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October 21, 2014

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Harrah’s joins growth

NO more smokestacks.

And that's only one of the changes announced by Harrah's Las Vegas Thursday as company executives unveiled a model of a $150 million expansion and renovation.

The new look is dramatically different from the icon riverboat that's been docked on Las Vegas Boulevard for 23 years.

Scheduled to be completed in 1997, the new Harrah's is sleeker and more sophisticated than the current riverboat-themed building.

It includes "European-inspired architecture with touches of elegance and whimsical accents," according to Thom Hall, Harrah's Las Vegas senior vice president and general manager.

"When completed, it will be the flagship for Harrah's 17 properties," he said.

The casino's theme will highlight Mardi Gras and "Carnaval" as celebrated around the world. The design incorporates music, icons and entertainment from those celebrations.

The casino's exterior will feature a dramatic facade with dark glass and brilliant colors.

"We'll also have the Strip's first indoor-outdoor lounge. It will have a Brazilian theme and customers will enter the casino through it. Harrah's will also capitalize on its prime position on the Strip by creating Carnaval Court -- a plaza area offering entertainment-oriented retail," Hall said.

And the list of changes goes on.

Harrah's will add 22,000 square feet of casino space, including 500 more slot machines and 10 table games. With the expansion, Harrah's casino will grow to 95,300 square feet with a total of 2,200 slot machines and 1,200 table games.

The casino floor expansion is scheduled to be completed by the end of 1996.

There's also going to be a new ground-level race and sports book with a sports bar atmosphere and six new specialty restaurants -- including Chinese, Asian, Italian cuisine and a buffet featuring "interactive cooking," with a menu of international foods.

"The Sunset Steakhouse will be the only dining spot in Las Vegas offering customers a picturesque view directly overlooking the Strip," Hall said.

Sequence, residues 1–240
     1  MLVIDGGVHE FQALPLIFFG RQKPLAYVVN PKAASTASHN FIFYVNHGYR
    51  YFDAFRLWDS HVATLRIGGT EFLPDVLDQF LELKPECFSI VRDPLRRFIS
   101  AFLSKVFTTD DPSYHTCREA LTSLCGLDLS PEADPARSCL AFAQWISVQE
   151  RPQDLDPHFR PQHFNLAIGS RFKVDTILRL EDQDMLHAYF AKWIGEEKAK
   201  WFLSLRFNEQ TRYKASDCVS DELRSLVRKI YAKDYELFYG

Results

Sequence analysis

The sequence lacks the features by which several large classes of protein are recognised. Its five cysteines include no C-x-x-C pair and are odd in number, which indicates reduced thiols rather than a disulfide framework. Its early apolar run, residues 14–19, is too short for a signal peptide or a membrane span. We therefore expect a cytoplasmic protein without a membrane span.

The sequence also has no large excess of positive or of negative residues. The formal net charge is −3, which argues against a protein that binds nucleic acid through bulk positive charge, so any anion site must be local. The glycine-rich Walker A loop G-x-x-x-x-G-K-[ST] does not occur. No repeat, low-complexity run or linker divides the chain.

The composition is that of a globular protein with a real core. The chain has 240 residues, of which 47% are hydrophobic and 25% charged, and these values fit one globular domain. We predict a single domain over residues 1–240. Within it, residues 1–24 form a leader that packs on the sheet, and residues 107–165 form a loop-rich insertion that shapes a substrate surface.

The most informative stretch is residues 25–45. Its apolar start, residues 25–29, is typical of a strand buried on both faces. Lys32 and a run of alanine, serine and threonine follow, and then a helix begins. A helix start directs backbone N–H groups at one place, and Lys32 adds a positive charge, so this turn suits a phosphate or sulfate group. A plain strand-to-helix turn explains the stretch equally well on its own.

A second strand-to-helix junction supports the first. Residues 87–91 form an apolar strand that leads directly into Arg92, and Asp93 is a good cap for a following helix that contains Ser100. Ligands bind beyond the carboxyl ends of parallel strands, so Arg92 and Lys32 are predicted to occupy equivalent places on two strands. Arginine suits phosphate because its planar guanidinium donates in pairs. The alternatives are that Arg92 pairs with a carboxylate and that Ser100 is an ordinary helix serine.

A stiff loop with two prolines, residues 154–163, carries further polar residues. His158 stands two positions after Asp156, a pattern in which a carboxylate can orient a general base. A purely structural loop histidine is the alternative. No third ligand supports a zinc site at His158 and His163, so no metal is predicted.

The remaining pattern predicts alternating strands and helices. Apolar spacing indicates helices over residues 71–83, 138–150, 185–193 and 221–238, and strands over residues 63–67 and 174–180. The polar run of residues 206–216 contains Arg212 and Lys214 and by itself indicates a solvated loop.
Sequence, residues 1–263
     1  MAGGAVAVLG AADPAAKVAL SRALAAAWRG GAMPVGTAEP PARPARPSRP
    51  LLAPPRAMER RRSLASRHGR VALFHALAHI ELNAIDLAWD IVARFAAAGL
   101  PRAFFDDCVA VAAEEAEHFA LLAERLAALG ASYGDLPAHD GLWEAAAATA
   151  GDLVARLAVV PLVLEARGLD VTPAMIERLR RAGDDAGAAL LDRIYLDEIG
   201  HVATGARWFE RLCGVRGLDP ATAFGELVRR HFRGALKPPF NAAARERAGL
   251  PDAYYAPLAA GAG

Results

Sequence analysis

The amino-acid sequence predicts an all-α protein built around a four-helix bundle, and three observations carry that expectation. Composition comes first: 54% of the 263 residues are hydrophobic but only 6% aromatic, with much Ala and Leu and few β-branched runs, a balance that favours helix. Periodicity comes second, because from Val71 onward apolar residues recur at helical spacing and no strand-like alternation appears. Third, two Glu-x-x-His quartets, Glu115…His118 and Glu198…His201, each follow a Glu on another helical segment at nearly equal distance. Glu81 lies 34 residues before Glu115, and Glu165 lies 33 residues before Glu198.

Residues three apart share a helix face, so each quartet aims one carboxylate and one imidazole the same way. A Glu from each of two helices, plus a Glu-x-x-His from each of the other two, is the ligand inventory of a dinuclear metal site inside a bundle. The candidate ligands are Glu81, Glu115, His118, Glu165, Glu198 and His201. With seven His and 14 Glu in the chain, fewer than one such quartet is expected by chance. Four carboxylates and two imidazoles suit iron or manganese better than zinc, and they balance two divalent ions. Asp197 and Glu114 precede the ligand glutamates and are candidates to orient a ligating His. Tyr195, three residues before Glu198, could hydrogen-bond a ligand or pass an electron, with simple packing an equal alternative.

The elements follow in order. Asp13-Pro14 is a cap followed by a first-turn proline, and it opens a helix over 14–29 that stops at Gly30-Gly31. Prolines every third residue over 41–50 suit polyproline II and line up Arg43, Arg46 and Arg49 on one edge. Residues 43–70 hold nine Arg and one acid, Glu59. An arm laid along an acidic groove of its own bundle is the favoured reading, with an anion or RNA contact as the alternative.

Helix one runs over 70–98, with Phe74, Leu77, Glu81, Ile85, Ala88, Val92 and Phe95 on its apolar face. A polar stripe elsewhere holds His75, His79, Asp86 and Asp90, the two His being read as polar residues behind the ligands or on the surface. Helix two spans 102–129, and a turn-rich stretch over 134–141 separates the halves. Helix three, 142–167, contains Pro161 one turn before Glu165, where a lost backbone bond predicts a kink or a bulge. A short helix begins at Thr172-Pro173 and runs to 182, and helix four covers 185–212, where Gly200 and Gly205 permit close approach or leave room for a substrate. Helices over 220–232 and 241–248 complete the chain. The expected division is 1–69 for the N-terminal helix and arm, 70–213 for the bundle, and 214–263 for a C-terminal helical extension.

A new 35-story hotel tower will add 671 rooms and 28 suites, expanding the hotel inventory to 2,334 rooms and 62 suites in four towers.

Hall said that although it was a tough decision to remove the riverboat, the renovation and expansion will take the already successful property to the next level.

"Harrah's is currently fifth in slot win per unit in the area, while competing against casinos that have much higher levels of investment. We expect to generate more walk-in customers to supplement our core business," he said.

The changes are also designed to appeal to higher level customers.

"This project is about Harrah's customers who want to come to Las Vegas. We'll keep our loyal customers while attracting those who find Harrah's Las Vegas amenities a little lacking. We'll cater to the higher-level player," Hall said.

Hall also said that Harrah's well-publicized difficulties in New Orleans don't paint a picture of the entire company.

"Harrah's is not one location. We're not dependant on the success or failure of one property, and one setback certainly isn't going to spell the end of Harrah's. We are a large stable company. The philosophy about this project is 'let's expand and move on,' " he said, adding that in the Las Vegas marketplace, upgrades are a must in order to compete.

Twenty-two years ago, Claudine and Shelby Williams opened the Holiday Inn Holiday Casino where Harrah's now stands. Harrah's purchased the property in 1983 and changed the name to Harrah's in 1992.

Claudine Williams is chairman of the board of Harrah's Las Vegas and was on hand for Thursday's announcement.

She said the changes, including the removal of the trademark smokestacks, are all part of growth.

"In the beginning, there was a moat around the casino and we even had Huckleberry Finn out there for awhile. But they eventually had to go -- like the paddlewheel and the smokestacks. It simply was time to bring it up to standards. And this is a very exciting project," she said.

Casino designer Henry Conversano of Henry Conversano & Associates, Oakland, Calif., is overseeing the project. Construction began in March.

Harrah's also is exploring a second phase of expansion that would include 300 more rooms, bringing the total number of rooms to 2,634.

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